What was the immediate atmosphere before and after the election?

An election poster for President Mwai Kibaki

President Mwai Kibaki is accused of stealing the vote

With the lessons that people had learned from the 2002 elections, a growing ground swell of anti-government feeling began in the build-up to the 2007 elections. When the results of the election started coming in two days after the voting, the perception, whether right or wrong, was that the election had been stolen by the sitting government and the legitimate democratic voice of the country had not only been muffled but totally ignored.

Without a proper investigation into what happened during the elections and the vote tallying, which did have some serious and well-documented irregularities, it is impossible to know if the election was lost or stolen.

So, was the violence that followed the announcement of the election results rooted more in the distrust between ethnic groups rather than opposition supporters against government followers?

The violence that ensued in Kisumu and various other western Kenyan towns was more a reflection of the anger of people seeing that they were going to be ignored and pushed aside again for another five years more than any ethnic animosity towards Kikuyus themselves.

What is the situation now?

A Kenyan man sits in the cab of a destroyed truck used as a makeshift roadblock

The election violence is now fighting between tribes

Over the period of the past month, the situation has changed and we have been witnessing a growing Balkanization taking place, supported either implicitly or explicitly by the various political leaders of both sides. A growing resentment and violence towards the tribes rather than the political process has taken root with accelerating brutality and frequency of attacks taking place.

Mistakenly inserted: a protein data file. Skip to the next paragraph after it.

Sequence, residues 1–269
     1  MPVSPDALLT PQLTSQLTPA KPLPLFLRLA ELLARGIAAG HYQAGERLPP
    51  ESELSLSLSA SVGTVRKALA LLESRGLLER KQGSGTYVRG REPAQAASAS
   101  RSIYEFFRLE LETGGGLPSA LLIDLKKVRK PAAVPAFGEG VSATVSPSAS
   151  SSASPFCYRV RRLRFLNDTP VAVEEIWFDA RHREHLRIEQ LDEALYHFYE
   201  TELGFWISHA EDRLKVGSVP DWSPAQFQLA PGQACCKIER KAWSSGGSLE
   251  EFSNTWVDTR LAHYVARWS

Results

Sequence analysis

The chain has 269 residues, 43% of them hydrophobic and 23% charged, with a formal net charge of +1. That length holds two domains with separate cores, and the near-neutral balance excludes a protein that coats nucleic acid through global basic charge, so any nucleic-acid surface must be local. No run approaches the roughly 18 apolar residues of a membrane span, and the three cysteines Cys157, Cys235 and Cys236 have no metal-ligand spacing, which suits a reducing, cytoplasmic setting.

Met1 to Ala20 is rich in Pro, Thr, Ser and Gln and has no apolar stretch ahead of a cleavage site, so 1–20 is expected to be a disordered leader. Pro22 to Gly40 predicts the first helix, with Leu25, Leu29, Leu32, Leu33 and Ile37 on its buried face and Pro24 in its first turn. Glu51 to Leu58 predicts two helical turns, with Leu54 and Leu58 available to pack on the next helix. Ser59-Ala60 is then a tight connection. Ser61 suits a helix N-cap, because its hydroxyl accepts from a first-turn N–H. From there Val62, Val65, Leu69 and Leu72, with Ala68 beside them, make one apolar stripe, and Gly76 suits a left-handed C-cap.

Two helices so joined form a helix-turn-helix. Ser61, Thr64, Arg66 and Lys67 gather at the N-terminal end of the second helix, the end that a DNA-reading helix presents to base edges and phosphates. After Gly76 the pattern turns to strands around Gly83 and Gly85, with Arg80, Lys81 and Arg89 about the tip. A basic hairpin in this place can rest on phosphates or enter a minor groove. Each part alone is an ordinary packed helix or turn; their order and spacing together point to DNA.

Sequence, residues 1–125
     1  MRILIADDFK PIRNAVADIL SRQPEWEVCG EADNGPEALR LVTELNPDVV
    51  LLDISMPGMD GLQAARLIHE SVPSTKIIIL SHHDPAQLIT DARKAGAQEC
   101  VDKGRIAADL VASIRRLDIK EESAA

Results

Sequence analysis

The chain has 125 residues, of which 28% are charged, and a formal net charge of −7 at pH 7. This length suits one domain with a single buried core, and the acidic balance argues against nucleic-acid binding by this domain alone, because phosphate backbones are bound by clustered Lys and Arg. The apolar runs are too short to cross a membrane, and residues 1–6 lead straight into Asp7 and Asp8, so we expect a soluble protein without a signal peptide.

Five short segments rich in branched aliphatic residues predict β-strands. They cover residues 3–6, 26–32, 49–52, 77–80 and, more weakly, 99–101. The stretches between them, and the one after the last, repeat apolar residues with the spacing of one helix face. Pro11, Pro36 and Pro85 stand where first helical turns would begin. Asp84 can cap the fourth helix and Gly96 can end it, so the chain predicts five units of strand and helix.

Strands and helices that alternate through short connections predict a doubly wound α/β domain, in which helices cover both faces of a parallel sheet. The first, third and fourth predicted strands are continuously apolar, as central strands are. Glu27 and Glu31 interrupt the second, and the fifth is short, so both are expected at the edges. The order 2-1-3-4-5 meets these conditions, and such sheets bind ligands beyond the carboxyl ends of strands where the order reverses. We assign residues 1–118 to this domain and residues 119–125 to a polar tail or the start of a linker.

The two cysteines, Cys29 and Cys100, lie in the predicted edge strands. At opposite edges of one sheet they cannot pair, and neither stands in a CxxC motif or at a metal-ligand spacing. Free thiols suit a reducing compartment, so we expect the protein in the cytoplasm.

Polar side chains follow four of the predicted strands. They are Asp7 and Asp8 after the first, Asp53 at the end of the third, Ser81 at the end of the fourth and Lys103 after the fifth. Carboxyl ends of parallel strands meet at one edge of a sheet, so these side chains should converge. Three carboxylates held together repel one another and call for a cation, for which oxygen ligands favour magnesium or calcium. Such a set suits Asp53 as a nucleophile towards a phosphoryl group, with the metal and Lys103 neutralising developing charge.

Are we in Europe seeing the full picture of what is going on in Kenya?

No matter what images you are seeing on the outside about the levels of violence and killings that are going on in Kenya at the moment, the reality is actually worse, far worse than it is portrayed. You don’t see the beheadings…you don’t hear the stories of people being buried alive. It’s much, much worse.

What is life like for you and the other expatriates who are living in Nairobi?

Luo supporters of Orange Democratic Movement of opposition leader Raila Odinda burn posters of Mwai Kibaki, President of Kenya

Life in Nairobi continues as daily riots rage in its slums

Despite the brutality of the killings and chaos that is engulfing the country at the moment there is a very strange, almost dreamlike, calm within Nairobi with most people still going on about their normal lives. Although the violence and killings outside of Nairobi and within the slum areas of the city have been almost continuous since the end of 2007, only sporadic -- although extremely violent -- confrontations have spilled out onto the main areas of Nairobi over that time.